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Mon, 07 May 2018 00:00:00 +0000/blog/test/Bayesian Regression
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Mon, 16 Apr 2018 00:00:00 +0000/blog/bayesian-regression/I have been working on my Bayesian statistics skills recently. In particular, I have been reading David Robinson’s lovely Introduction to Empirical Bayes: Examples from Baseball Statistics and watching Rasmus Bååth’s delightful three-part Video Introduction to Bayesian Data Analysis, notable amongst other videos, courses, and textbooks. I have much yet to learn, but my past experience with statistics has taught me that I understand concepts most thoroughly by actually implementing them.Anonymous Functions, Part II: gsubfn
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Sat, 07 Apr 2018 00:00:00 +0000/blog/anonymous-functions-2/This is a follow-up to Anonymous Functions, Not Variables. For context, read that first.
After my previous post, Brodie Gaslam pointed me in an interesting direction on Twitter:
Have you seen https://t.co/KTChI5NMYb as.function.formula? Very similar concepts.
— BrodieG (@BrodieGaslam) March 26, 2018 He’s right. Gabor Grothendieck’s gsubfn package is centered around its gsubfn function, an extended version of gsub whose replacement parameter can accept functions, e.g. to do arithmetic with numbers in a string.Anonymous Functions, Not Variables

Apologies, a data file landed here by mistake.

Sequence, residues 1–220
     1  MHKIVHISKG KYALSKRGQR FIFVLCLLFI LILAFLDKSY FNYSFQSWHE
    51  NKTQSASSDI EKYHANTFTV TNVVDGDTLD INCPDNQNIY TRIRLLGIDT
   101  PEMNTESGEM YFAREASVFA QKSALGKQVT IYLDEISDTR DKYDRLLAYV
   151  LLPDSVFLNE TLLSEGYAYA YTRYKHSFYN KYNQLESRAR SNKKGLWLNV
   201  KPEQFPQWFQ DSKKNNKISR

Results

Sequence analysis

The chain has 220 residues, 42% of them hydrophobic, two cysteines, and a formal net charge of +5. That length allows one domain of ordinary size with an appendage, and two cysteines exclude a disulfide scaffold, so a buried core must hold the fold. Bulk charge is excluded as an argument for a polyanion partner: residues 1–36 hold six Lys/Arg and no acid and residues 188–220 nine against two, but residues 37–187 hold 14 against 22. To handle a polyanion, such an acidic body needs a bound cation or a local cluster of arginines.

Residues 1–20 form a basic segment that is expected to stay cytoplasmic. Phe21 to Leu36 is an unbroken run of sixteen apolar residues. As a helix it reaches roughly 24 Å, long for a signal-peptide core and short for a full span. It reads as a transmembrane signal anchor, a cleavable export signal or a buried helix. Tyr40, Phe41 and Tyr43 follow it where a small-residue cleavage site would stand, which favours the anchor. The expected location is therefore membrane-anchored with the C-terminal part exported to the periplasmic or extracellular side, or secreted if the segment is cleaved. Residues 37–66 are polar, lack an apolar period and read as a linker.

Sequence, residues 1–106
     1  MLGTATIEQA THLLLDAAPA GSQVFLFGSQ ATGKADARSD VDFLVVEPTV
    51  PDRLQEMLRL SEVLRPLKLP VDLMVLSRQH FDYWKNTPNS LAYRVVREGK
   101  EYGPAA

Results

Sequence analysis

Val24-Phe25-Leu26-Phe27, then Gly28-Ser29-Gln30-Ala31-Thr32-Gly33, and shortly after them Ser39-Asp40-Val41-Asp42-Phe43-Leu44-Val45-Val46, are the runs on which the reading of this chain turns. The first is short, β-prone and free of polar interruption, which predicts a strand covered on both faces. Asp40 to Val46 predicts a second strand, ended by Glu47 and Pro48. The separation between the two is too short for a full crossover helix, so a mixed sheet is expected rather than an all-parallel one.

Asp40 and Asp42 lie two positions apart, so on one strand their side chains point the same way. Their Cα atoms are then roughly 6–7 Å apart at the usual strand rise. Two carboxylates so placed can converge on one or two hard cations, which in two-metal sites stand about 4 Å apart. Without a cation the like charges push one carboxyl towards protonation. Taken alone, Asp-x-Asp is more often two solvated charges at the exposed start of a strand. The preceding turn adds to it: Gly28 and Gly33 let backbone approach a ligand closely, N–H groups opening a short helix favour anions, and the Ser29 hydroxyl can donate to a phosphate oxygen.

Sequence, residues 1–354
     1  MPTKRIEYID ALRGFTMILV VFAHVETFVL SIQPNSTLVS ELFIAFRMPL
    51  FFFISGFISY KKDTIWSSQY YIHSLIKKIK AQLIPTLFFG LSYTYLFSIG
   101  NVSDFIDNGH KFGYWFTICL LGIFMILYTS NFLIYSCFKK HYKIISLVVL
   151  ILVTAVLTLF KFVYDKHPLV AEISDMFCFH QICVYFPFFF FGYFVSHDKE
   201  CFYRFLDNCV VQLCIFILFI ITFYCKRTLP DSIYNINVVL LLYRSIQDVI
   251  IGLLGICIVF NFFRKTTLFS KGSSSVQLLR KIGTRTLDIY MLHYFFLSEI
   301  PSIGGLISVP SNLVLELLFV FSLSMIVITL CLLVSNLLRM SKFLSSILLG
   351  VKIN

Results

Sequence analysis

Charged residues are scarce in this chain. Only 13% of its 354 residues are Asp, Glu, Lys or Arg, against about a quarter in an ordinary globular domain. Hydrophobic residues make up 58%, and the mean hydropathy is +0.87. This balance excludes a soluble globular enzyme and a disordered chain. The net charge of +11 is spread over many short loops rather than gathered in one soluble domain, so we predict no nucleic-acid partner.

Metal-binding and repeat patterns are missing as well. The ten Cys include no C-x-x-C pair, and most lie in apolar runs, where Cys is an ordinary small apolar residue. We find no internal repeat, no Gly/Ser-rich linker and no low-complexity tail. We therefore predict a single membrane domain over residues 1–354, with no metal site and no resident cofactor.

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Sun, 25 Mar 2018 00:00:00 +0000/blog/anonymous-functions/I am a very heavy purrr user. The killer feature is clearly map_df (fairly recently rebranded as map_dfr and map_dfc for row and column binding, respectively) to iterate over a list à la lapply and simplify the result to a data frame. Thanks to the power of dplyr::bind_rows, it fixes all the drawbacks of sapply’s simplify2array behavior:
It returns a data frame, not a matrix or array, so multiple types can be kept.Pythagorean Triples
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Fri, 23 Mar 2018 00:00:00 +0000/blog/pythagorean-triples/In a quiet moment, I happened across Project Euler’s Question 39:
Integer right triangles Problem 39 If \(p\) is the perimeter of a right angle triangle with integral length sides, \(\{a,b,c\}\), there are exactly three solutions for \(p = 120\):
\[\{20,48,52\}, \{24,45,51\}, \{30,40,50\}\]
For which value of \(p \le 1000\), is the number of solutions maximised?
Put another way, what integer perimeter less than or equal to 1000 has the most Pythagorean triples?p5 in R
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Fri, 23 Mar 2018 00:00:00 +0000/blog/p5-in-r/p5.js is a version of Processing built natively in JavaScript. It’s really, really awesome.
Sean Kross wrote R bindings for p5.js in his p5 package so it can be written and R and published as an htmlwidget. This is a little exploration of how it works.
library(p5) # runs once at start setup_ <- setup() %>% createCanvas(500, 500) %>% noStroke() # reruns every frame draw_ <- draw() %>% background('#888') %>% fill(rgb(1, 1, 1, 0.